When a Dog is the Best Medicine


Sometimes, a dog can be the best medicine – even in the worst situations.

On March 25, Butler, American Humane Association’s spokesdog and The Weather Channel Therapy Dog who is trained to help people following meterological crises, joined me on a visit to a remarkable teenager who was severely injured in a weather-related accident. Austin, a 16-year-old teenager from Portland, TN, decided to take advantage of the recent snowfall and go sledding down a steep hill near his sister’s home. A fun day ended in tragedy when Austin crashed head-first into a tree and was paralyzed. He was air-lifted to Vanderbilt Children’s Hospital and three weeks later arrived in Atlanta, GA at the Shepherd Spinal Center to start his journey of recovery. Continue reading

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A little paint but a lot of pain: National Fire Dog Monument vandalized!


This morning I woke to the shocking news that our beloved National Fire Dog Monument, created by sculptor Austin Weishel with the support of American Humane Association and State Farm to celebrate the heroism of America’s arson detection dogs, has been vandalized. The beautiful life-size bronze sculpture is now covered in blue paint with hate speech scrawled across its concrete base.

As a national humane organization, words cannot express how heartbroken we are about the hatred shown to the heroes the monument represents: arson dogs and their brave handlers on the other of the leash who keep us and our communities safe. Here are a couple of quotes from two key people involved in creating the monument, and who work with arson hero dogs every day: Continue reading

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Be a good egg…buy a good egg! New study confirms importance of enriched colony housing

Be a good egg…buy a good egg!

American Humane Association, the country’s first national humane organization was founded in 1877 around the issue of farm animal welfare and it still remains one of the last great frontiers in the humane movement. But today progress was made as we hailed the results of a three-year study by the Coalition for a Sustainable Egg Supply that confirmed the humane value of Enriched Colony Housing for egg-laying hens, which will help improve the lives of millions of laying hens on our nation’s farms.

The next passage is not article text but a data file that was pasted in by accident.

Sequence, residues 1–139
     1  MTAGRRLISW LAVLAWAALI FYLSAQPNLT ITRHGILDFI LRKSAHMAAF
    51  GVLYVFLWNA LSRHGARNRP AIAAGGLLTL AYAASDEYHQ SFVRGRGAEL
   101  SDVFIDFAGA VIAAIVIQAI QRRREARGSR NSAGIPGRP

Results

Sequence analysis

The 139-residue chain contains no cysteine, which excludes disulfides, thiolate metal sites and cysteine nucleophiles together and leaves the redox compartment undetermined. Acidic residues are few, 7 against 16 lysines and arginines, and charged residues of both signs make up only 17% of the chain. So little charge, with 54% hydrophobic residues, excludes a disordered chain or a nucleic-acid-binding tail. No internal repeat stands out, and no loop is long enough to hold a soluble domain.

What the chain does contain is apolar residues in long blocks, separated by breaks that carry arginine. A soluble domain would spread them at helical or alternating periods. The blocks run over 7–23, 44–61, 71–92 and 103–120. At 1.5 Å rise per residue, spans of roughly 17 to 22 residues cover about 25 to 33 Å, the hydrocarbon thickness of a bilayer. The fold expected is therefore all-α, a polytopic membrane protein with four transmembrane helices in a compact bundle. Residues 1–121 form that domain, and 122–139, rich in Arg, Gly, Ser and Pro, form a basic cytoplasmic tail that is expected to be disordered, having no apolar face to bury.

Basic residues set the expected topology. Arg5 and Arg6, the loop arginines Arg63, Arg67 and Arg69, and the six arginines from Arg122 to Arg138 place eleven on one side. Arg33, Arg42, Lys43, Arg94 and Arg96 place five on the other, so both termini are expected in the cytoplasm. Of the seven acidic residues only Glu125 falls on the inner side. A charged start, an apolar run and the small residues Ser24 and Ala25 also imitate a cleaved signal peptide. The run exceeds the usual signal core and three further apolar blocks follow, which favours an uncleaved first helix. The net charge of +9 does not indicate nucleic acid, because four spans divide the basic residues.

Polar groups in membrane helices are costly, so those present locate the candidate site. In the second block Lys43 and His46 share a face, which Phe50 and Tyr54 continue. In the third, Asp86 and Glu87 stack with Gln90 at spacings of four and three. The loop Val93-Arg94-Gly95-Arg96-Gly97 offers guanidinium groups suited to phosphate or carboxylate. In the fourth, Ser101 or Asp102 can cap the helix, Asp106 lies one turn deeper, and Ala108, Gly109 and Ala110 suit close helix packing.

Enriched Colony Housing gives egg-laying hens significantly more room than the conventional housing, and provides hens with room to sit, stand, turn around and extend their wings, as well as enrichments such as a nest box, scratching area and perches that allow hens to move about freely and express their natural behaviors. Continue reading

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A New Humane Medical Model Proposed


I am delighted to share with you our new research article which was recently featured in the Annual Review of Animal Biosciences.   The article entitled A New Medical Model:   Ethically and Responsibly Advancing Health for Humans and Animals provides for a thought-provoking discussion of how much we have yet to learn about our own health and that of the animals, and how much we can advance the health and wellbeing of all of us through such exploration. Continue reading

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“No Animals Were Harmed®” Program March 2015 Update


Last month, on February 17th I had the honor of giving a presentation to my own colleagues at the annual Western Veterinary Conference in Las Vegas. Typically, it is the largest gathering of veterinary professionals in the world.  Truth be told, I was a little nervous as it was the first time I had delivered a formal talk in a forum such as this, but it proved to be good medicine. I gave a lengthy presentation on Animals in Entertainment and the legacy of the “No Animals Were Harmed” program. I look forward to returning next year a seasoned pro!

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Cold Nose, Warm Heart: Butler Goes to Boston

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This Valentine’s Day, Butler, the Weather Channel Therapy Dog and American Humane Association spokesdog, and I deployed to Boston in advance of Winter Storm Neptune. Boston had experienced a three-week snow siege, accumulating a record-setting 80 inches of snowfall and Winter Storm Neptune was forecasted to bring another 16 inches.

Butler’s mission was to give respite to snow-weary and stressed Bostonians dealing with repeated school closures, closed metro services and growing piles of snow. His first stop was the Boston Fire Department where visited the dedicated firemen who had been working around the clock shoveling snow in order to keep the city’s over 13,000 fire hydrants accessible.

Despite the cold, Butler put smiles on the faces of many Bostonians as they prepared for the next onslaught of snow. He visited stranded visitors, city workers who were clearing sidewalks and many locals who needed a break from shoveling, plowing and ice chiseling. When Butler wasn’t providing comfort to community members, he was providing laughs and love to Weather Channel meteorologists and crews working long hours to bring vital, severe weather information to impacted areas.

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